My interest in lasers started in my first semester of college. I bought a cheap HeNe and an Argon-Ion laser on eBay and spent days reading Sam's Laser FAQ. A variety of projects are documented here and in the Updates section.

Most of the things here are very old and for archival purposes only. I've just started working with laser stuff again, so there should be more updates soon on new projects.

Software

LaserLine Icon

LaserLine

I started LaserLine in the fall of 2003 to control a scanner device I built to display graphics with a Laser. This system uses the analog audio output of your macintosh to drive the scanner. Written with an Objective-C Cocoa interface, the underlying audio generation code is being reimplemented from Java to C via Core Audio. After I initially prototyped this software, with Java, my local ACM chapter at UIUC took on the project as an Engineering Open House project (where it won 2nd place in its category in 2005) and greatly improved the software. The original design motivation was to create software with an easy-to-use user interface that anyone could use. Looking back, we had really oversold the concept, but I am glad it helped my entry into the world of laser software.

LaserLine 2.0

The second generation implementation of LaserLine is LaserLine 2.0 written in pure cocoa, removing the audio-java code. LaserLine 2.0 was redesigned from the ground up to promote a whole workflow related to laser show production. Development of this project moved us to a USB dac, rather than soundcard output, and encouraged the development of several side projects. The whole stack of software includes a USB driver for the EasyLase USB DAC card, a file format library for the ILDA format, and the basis of a full-featured Cocoa app for laser show creation and playback. The show creation and playback tool hasn't reached a fully developed stage, but has encouraged the development of several other tools, like ILDAInspector, a simple frame viewer and playback tool.

The modular structure of the application has allowed for testing of text, flash animation import, programmatically generated patterns, and more. Additional information is available on the Trac page.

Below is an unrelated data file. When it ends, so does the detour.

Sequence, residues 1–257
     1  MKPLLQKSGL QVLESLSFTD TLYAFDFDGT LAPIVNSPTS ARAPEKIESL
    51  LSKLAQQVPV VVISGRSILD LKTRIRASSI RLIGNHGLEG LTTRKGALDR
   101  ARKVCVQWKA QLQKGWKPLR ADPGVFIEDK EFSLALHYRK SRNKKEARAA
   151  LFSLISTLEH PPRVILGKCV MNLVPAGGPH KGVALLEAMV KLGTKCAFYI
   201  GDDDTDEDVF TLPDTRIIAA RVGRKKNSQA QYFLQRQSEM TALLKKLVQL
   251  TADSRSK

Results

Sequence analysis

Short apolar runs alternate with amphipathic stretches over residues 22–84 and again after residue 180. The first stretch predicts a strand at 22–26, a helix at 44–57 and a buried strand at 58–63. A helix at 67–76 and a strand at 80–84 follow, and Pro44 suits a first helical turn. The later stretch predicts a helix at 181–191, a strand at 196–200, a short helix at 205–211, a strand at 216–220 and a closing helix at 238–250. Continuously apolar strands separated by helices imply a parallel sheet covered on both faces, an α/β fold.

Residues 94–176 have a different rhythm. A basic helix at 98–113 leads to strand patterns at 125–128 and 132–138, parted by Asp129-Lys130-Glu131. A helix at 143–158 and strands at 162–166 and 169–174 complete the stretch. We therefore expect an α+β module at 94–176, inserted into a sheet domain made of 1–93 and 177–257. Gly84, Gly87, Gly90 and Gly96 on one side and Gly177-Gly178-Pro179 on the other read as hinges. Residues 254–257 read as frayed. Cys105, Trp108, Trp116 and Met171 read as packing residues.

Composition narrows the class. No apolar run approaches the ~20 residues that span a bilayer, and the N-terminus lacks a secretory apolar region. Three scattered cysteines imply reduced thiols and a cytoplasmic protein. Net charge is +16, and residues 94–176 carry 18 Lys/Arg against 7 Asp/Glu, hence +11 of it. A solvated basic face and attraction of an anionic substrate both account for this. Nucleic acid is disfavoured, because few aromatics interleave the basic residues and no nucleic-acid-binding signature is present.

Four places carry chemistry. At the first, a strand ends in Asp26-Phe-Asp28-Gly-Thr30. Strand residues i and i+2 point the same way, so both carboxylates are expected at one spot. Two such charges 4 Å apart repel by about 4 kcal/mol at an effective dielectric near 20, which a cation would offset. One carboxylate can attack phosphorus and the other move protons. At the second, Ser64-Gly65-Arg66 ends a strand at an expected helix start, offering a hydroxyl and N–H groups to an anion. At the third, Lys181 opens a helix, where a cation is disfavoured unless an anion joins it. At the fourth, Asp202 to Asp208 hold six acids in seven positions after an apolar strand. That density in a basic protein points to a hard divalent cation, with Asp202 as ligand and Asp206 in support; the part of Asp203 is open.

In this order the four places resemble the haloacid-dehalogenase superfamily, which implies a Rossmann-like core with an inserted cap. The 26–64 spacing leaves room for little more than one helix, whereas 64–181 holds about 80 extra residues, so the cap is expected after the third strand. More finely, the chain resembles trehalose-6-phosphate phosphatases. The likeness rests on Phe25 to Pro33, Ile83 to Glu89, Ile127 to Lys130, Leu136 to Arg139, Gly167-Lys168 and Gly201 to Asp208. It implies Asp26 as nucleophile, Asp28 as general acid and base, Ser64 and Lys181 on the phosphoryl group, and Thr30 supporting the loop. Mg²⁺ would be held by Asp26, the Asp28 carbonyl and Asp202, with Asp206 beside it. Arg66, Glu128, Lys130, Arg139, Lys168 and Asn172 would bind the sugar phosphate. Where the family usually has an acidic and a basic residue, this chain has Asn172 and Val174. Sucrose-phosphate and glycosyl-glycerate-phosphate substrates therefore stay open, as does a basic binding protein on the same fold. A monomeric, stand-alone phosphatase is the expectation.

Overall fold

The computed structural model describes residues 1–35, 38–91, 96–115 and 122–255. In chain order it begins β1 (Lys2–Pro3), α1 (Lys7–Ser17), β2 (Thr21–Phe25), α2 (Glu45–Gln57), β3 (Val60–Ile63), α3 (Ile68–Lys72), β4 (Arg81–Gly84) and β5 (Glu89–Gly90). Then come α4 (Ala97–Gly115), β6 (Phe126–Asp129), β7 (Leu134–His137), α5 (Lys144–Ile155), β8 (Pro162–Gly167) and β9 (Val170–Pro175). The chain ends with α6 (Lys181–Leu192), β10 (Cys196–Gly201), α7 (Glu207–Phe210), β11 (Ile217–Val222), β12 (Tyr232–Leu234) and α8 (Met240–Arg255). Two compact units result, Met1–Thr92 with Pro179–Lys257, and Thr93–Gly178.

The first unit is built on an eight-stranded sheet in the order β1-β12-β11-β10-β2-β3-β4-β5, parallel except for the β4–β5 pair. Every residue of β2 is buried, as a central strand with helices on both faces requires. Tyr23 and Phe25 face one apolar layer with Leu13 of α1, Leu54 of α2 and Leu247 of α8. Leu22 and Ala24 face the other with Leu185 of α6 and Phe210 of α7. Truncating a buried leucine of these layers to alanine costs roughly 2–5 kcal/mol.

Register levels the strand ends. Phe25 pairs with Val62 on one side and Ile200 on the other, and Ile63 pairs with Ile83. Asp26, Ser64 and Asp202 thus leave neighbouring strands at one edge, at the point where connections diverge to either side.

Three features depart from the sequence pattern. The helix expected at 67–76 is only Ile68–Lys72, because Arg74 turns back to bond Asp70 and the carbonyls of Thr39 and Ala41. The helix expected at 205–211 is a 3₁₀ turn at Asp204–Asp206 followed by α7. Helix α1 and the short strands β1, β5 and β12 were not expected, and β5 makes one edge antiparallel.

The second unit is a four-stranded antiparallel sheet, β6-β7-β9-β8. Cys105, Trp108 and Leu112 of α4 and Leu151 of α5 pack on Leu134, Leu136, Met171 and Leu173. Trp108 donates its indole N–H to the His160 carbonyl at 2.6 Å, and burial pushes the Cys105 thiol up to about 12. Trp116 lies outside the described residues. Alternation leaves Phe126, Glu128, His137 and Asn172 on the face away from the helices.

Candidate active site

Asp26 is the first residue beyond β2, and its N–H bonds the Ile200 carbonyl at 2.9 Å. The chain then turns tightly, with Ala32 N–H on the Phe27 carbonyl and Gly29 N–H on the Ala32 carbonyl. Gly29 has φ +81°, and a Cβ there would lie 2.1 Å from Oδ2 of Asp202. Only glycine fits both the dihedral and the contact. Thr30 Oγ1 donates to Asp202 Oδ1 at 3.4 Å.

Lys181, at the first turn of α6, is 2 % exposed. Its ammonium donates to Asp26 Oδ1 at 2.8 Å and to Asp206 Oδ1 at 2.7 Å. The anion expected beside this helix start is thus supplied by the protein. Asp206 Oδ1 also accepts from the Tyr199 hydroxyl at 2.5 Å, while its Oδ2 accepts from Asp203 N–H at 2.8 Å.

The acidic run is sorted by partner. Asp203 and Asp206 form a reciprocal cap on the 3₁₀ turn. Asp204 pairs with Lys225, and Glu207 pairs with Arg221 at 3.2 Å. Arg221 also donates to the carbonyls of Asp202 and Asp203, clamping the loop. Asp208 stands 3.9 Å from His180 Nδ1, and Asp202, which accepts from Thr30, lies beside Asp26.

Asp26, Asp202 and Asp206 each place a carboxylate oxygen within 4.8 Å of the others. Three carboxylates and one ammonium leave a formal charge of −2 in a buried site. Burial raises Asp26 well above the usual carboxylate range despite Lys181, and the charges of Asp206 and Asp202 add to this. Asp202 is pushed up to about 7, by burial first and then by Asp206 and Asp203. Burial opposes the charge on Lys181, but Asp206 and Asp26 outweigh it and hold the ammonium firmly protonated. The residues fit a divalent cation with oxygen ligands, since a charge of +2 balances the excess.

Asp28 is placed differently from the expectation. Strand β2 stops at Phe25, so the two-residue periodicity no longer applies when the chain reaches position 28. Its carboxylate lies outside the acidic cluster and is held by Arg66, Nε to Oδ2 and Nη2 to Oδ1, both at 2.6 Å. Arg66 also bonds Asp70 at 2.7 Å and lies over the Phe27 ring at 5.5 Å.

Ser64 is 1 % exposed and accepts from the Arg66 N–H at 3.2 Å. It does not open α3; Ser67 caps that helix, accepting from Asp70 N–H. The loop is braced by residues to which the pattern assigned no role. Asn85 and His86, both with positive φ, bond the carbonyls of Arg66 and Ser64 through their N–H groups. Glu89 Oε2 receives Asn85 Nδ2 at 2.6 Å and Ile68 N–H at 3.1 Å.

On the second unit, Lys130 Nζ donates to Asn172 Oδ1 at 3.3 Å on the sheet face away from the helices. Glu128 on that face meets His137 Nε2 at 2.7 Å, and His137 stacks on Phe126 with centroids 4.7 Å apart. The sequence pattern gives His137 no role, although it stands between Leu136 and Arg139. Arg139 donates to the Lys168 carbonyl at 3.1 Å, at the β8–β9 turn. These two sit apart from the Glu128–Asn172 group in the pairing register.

EasyLase Driver for OS X

The EasyLase USB by Müller Elektronik is an excellent low cost, high-quality DAC with ILDA compatible output. It was selected for the LaserLine 2.0 project. With the cooperation of Joachim Müller, I ported the driver to Mac OS X and have made it available here for download. The API is identical to Windows and Linux drivers, so documentation regarding programming for the EasyLase is applicable. The Mac OS X version implements all of the features of the supported driver and has been extensively tested on PowerPC and Intel platforms on 10.4 and 10.5.

I have also been working on Java language bindings using JNA and a Processing module and sample code which will soon be available as well.

Version History

  • 1.0: Initial Public Release. Includes OS X Installer Package.
  • 1.0b4: Bug fixed related to EasyLaseStop function.
  • 1.0b3: Memory leaks fixed. DMX I/O and TTL output implemented.
  • 1.0b1: Core laser frame output implemented.

Download libEasyLase USB Driver v1.0:



libEasyLase.dmg

iTunes Visualizer Plug-In

I put together an iTunes plugin for laser visualization of the audio waveform on the EasyLase USB. It requires the libEasyLase driver be installed, and you have a mac hooked up to an EasyLase USB card, but if you've satisfied those requirements, why not play with iTunes and your laser! I've got the source available if you'd like it, but it is rather messy, so please email me if you'd like to hack on it.

Version History

  • 1.0: Initial Public Release.

Download LaserVisualizer iTunes Plug-in 1.0:



LaserVisualizer.zip

Laser MacMame

I think this is the most impressive part of the whole bunch of laser software. I've posted on the blog about this, eventually you will be able to download a version here.

Hardware

Laser Inventory

Index of lasers I own and operate. Drop me a line if you have questions about operation of these units. Power measurements were recorded by my Ophir AN/2 laser power meter with 2N-SH sensor.

ManufacturerModelTypeDate of ManufactureWavelength(s)Apparent ColorMeasured Power
Melles GriotOmnichrome 643-OLYM-AO3Argon-Krypton IonMay 1999465.8, 472.7, 476.5, 482.5, 488.0, 496.5, 568.2, 647.1 nmWarm White82.3 mW
JDS Uniphase2214-40MLAArgon-IonFeb 1998457.9, 476.5, 488.0, 496.5, 501.7, 514.5 nmBlue52.4 mW
JDS Uniphase1676HeNeMar 2001543.5 nmGreen1.6 mW
PMS Electro-OpticsLHYR-0200MHeNeJune 1991594.1 nmYellow3.3 mW
SiemensLGK-7630HeNeMar 1984632.8 nmRed5.7 mW
Hughes3224H-PCHeNeApr 1981632.8 nmRed6.0 mW
Melles Griot05-LHP-153HeNeSep 1996632.8 nmRed8.0 mW
JDS Uniphase106-2HeNeJun 1990632.8 nmRed13.5 mW

Blu-Ray Laser Pointer

I built a Blu-Ray laser pointer that I feel turned out rather well. It is in an adorable little blue enclosure manufactured by Pomona Electronics.

Galvos

I have been working on making a laser projector in a style similar to that of Chan and Norm, to produce graphics generated by the next generation of LaserLine.

I built everything and am quite happy with the machined aluminum galvos, but currently I use commercial hardware. I was never able to properly tune the amps. Here are some photos: